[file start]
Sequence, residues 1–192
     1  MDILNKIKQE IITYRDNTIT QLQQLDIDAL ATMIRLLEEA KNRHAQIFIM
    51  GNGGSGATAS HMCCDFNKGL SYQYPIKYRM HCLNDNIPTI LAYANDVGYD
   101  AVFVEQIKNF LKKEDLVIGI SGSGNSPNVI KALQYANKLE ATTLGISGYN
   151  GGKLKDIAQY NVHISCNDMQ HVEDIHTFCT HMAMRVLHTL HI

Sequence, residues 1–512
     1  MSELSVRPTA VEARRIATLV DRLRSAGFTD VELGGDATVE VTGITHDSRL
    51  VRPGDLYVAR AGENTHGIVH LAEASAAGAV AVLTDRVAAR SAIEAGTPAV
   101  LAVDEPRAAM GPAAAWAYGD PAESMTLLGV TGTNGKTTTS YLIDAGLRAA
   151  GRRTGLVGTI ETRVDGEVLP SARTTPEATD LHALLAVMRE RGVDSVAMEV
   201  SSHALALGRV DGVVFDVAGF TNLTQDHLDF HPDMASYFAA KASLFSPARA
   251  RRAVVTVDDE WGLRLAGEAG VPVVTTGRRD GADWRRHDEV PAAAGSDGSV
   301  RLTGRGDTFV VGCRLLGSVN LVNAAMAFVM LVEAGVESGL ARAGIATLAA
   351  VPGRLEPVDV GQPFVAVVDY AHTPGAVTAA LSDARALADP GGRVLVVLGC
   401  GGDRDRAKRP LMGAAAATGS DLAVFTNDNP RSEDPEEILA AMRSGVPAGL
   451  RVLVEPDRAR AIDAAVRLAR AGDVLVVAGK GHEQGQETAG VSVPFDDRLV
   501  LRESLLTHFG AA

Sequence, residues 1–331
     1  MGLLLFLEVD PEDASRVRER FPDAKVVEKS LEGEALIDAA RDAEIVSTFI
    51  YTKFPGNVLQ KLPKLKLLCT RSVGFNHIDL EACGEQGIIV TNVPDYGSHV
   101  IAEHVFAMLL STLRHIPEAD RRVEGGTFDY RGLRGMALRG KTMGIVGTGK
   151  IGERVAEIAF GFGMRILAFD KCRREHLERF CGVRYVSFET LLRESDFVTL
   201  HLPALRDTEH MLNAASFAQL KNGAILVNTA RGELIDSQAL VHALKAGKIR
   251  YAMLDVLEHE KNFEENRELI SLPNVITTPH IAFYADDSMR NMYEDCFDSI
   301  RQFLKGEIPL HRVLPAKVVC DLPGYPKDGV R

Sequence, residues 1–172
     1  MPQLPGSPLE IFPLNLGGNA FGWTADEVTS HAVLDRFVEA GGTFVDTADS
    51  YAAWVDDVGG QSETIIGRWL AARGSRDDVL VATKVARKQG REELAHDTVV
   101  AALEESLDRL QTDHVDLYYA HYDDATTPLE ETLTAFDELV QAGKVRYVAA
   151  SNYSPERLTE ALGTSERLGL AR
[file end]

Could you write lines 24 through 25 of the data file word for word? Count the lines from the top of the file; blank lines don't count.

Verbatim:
   251  YAMLDVLEHE KNFEENRELI SLPNVITTPH IAFYADDSMR NMYEDCFDSI
   301  RQFLKGEIPL HRVLPAKVVC DLPGYPKDGV R